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Mark Gomes
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With over 20 years of professional experience, Mark Gomes is among the world's most experienced technology stock analysts. During his time as a contributor to Seeking Alpha, over 50% of his official picks were either acquired or tripled in value. Currently, Mr. Gomes is the CEO of Pipeline Data,... More
My company:
PTT Research & Pipeline Data, LLC
My blog:
Poised To Triple
My book:
Faster Than Forty
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  • Doubling, Tripling, And AERO Initiation Pages

    I want to make sure that investors pay special attention to my disclosures.

    To discover great picks, I employ many analysts and industry experts. I pay for these resources by selling subscriptions at Though I still share my picks with the public, I give them to subscribers many weeks (and sometimes months) in advance to make sure they get their money's worth.

    In other words, my free readers may get a pick that is going to double from 15 to 30, but my goal is to make sure my paying subscribers get that pick at 10.

    Subscribers also receive exclusive updates, support, and a private member forum. It's not cheap, but just one early pick can pay for a lifetime membership. Also, by giving the pick for free at 15, I effectively give investors the money to become a paying member!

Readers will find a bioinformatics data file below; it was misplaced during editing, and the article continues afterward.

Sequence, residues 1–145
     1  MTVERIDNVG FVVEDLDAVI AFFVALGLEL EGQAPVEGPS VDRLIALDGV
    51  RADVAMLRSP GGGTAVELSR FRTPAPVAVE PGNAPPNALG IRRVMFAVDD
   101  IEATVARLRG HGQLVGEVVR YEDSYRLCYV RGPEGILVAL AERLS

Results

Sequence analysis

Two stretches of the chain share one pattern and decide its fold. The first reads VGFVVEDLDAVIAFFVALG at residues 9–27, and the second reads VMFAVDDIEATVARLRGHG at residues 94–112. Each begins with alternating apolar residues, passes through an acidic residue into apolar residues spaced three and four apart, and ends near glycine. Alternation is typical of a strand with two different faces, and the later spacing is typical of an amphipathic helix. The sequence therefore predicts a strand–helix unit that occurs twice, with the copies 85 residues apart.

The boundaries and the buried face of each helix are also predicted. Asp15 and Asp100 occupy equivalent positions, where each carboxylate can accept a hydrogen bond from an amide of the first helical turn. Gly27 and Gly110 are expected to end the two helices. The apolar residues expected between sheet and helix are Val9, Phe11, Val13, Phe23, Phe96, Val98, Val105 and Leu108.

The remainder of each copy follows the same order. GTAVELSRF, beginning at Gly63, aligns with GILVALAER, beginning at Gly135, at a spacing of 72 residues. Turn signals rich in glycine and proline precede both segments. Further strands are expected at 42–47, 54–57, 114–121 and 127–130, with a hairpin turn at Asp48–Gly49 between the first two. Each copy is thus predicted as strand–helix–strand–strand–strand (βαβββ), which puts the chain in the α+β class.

If you are among those who receive my picks for free on Seeking Alpha, there are two important things to remember:

    1. Read my disclosures, so you know when the pick was originally made to paying members.

    2. Pick your entry point carefully. It's a lot easier to do when the stock is "poised to triple" (for example, from 10 to 20) versus poised to double (for example, from 15 to 30).

    Here's an example of our initiation to subscribers versus Seeking Alpha:

    From PTT Research on Jan 30, 2014 (click to enlarge)

    From Seeking Alpha on March 10

    (click to enlarge)

    May 23 10:16 AM | Link | 3 Comments
  • Make Sure You're Not Being Scammed

    Is the analyst you are following a scam artist? It's a very important question.

    Of course, the analyst will tell you what they want you to hear. This is why I do everything I can to be transparent and easy to investigate.


    In addition to steering you away from scam artists, researching an analyst will also help you determine if he/she is compatible with your investing style.

    If you disagree with the analyst's thesis, picks, approach, or demeanor, many will respond openly to a constructive dialog. Kindly stating your case comes across much differently than those who launch attacks or jump to conclusions.

    Remember, there are investors who only posting comments to scare investors by discrediting the analyst's pick(s) -- a.k.a. reverse pumpers.

    If you are not one of them, the best way to distinguish yourself is to be constructive and caring in your dialog.